How to Set Adult Boundaries with Narcissistic Parents
By: Christine Hammond, LMHC
When adults realize they were the product of a narcissistic parent, it can shock them into a state of grief. Instantly, they go from idealizing the narcissist to grieving their lost childhood and the God-like image of their parent. Suddenly, the parent is transformed from larger than life to a deeply insecure human being. With the rose colored glasses off, the adult struggles to rewrite their history without a narcissistic perception.
It is not an easy process. It requires time to recall events and alter them to a newly discovered reality. It entails massive energy to reprogram the negative words and competitive actions of the narcissist. It necessitates motivation to complete the process until a new level of healthy is achieved. But now that this process is finished, what new boundaries can keep the adult from falling back into old habits?
1. Think before speaking. Before visiting or speaking to a narcissistic parent, the adult should remember the parent is a narcissist. It might be helpful to review some of their glaring characteristics so expectations can be more appropriately set. Once a person knows a lion is a lion, they should not expect a lamb. Thinking about the conversation before it begins allows the adult to plan accordingly. Boundary = I’m going to set reasonable expectations.
2. Remember, it is all about them. It helps to have an expectation that the conversation will turn towards the narcissist. While the initial question may be about the adult, it very quickly switches to the narcissist. Adults should expect this and keep answers short and sweet to avoid giving away too much information. The narcissist will only use the additional data against the adult at a later date. Boundary = I’m not going to give away information.
3. Refuse to be interrogated. A typical tactic of narcissists is to overwhelm others into a state of heightened anxiety so they are less able to think straight. Adults fall into this trap easily as the narcissistic parent groomed them through intense interrogation as a child. This is about power and control for the narcissist. As soon as the narcissist begins, the adult should slow down their breathing. Then answer the question they wish the narcissist asked instead of the one that was asked and immediately follow it with a compliment. This disarms and distracts most narcissists. Boundary = I’m going to be treated like a peer.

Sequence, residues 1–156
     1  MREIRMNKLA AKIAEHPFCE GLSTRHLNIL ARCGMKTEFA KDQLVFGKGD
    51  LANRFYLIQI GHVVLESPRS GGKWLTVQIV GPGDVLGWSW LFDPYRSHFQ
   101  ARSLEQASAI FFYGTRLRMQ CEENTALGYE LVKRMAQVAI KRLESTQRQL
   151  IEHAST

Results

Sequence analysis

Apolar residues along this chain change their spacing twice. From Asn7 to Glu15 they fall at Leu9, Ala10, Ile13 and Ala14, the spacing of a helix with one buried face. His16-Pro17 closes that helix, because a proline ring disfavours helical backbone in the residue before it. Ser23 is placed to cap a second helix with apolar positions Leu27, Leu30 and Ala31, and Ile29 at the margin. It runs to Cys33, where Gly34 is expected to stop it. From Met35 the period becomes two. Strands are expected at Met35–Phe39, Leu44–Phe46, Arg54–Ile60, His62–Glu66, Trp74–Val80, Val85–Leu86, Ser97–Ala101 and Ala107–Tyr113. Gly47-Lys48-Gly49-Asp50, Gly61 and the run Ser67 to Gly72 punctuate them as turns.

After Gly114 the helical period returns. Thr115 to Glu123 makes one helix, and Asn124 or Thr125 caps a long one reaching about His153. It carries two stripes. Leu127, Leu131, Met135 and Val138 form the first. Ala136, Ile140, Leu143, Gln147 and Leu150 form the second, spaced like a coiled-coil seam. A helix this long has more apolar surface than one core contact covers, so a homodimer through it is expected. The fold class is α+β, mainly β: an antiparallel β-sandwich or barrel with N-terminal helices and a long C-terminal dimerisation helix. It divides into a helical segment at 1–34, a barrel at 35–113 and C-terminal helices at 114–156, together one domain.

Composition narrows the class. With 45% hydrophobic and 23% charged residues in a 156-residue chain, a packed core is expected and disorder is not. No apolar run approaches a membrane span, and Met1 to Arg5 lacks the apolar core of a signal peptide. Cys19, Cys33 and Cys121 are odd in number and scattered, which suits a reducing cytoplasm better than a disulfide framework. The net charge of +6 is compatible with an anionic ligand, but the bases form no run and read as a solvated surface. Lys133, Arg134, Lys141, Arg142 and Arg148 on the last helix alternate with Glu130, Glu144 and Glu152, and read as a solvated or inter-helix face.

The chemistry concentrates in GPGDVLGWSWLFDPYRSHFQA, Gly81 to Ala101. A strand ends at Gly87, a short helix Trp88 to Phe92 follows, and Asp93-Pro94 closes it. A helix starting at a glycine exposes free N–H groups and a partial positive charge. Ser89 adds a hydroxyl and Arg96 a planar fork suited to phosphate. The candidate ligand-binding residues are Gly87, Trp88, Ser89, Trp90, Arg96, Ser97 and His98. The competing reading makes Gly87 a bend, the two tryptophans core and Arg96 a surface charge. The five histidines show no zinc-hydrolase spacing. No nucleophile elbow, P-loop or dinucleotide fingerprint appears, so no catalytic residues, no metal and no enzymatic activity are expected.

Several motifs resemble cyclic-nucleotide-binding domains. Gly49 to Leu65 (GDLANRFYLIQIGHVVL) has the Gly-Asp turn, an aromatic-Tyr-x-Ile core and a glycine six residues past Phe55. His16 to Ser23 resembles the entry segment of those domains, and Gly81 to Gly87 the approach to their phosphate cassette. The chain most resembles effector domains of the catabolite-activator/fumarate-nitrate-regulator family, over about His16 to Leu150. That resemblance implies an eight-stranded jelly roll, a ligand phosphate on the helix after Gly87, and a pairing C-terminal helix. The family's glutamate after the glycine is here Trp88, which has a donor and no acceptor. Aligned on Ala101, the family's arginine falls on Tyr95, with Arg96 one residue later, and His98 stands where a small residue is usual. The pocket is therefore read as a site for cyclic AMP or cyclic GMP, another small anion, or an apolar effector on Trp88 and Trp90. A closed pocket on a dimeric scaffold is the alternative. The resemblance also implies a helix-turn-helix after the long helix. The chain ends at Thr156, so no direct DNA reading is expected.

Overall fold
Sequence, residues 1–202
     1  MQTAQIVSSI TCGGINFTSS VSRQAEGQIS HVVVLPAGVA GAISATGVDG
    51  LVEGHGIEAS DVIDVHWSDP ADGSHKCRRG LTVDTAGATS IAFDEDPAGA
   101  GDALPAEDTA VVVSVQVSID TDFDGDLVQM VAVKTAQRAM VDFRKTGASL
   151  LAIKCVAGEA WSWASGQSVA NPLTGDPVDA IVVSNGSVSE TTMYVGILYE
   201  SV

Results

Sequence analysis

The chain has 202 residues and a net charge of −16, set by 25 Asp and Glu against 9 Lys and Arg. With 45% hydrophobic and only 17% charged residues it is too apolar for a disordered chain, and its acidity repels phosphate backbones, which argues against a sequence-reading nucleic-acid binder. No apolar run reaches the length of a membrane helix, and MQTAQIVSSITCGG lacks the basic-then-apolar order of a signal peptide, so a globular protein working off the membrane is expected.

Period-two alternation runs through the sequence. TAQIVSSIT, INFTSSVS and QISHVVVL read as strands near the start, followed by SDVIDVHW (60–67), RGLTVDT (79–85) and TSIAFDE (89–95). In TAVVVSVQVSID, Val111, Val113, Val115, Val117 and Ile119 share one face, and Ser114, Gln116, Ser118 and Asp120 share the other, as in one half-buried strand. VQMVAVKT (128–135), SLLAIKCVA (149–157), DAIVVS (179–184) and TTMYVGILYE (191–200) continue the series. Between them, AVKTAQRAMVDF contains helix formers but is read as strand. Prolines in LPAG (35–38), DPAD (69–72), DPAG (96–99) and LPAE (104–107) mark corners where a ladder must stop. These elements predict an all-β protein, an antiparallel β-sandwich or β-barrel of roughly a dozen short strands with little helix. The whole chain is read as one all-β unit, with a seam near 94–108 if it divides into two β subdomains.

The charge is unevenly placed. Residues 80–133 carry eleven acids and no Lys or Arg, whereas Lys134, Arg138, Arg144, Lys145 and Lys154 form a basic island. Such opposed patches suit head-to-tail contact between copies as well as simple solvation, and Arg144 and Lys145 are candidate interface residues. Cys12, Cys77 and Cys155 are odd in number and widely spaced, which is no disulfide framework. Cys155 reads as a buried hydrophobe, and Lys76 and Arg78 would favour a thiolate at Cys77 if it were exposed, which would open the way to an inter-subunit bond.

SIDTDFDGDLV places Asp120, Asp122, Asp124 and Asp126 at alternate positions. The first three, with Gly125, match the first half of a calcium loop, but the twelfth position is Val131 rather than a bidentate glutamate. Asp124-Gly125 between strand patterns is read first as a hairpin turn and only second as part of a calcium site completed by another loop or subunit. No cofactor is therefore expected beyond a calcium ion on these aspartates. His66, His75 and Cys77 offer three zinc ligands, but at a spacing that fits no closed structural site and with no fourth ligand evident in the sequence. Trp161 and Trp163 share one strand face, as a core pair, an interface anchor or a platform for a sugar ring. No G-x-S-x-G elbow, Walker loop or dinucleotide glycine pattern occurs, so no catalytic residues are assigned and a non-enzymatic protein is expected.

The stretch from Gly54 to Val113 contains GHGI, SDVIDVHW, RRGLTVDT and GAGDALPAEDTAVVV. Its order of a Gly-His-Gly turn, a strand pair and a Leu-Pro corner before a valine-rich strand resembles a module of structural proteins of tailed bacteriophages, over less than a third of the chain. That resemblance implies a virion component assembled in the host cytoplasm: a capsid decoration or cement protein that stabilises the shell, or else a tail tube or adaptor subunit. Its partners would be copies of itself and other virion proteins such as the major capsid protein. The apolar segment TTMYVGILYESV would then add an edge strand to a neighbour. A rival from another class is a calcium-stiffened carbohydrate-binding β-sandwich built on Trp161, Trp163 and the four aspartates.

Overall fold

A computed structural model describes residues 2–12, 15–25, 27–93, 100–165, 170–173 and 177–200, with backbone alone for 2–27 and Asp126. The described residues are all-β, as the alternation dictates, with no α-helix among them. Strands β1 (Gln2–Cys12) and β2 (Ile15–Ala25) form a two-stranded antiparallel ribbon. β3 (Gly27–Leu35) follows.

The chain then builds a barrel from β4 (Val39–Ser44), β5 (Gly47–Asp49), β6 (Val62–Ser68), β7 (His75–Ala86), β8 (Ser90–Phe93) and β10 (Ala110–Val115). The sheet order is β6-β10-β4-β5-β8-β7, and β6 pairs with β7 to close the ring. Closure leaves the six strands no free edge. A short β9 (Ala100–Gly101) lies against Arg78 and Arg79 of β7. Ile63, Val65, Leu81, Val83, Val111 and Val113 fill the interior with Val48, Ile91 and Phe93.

4. Reject verbal assaults. Another typical narcissistic tactic is to verbally assault anyone they believe is a threat. The adult might find themselves a target for an aggressive (“You are lazy”), passive-aggressive (“Your sibling is so successful”), or guilt ridden (“I invested so much in you”) comment. This is about comparison maintains the narcissist’s superior status. If the adult becomes defensive, the narcissist has won. Rather, the adult should ignore the comment or say “that’s not appropriate” and again offer a distracting compliment. This prevents the adult from acting like the narcissist. Boundary = I’m not going to act like a narcissist.
5. Be free of victimization. When all else fails, the narcissistic parent becomes the victim as a way of guilt tripping the adult into submission. Their “wow is me” routine is customized to match the weakness and vulnerability of each adult child. It is generally effective or the narcissist would stop this behavior. It helps if the adult child views this sequence like that of a two-year-old temper tantrum. The more positive or negative attention that the two-year-old receives, the more the performance is repeated. The key here for the adult is to ignore the narcissist’s conduct entirely. Just like a two-year-old, it will take several attempts before the new reality sets in and is not repeated. Boundary = I’m not going to cave to manipulation.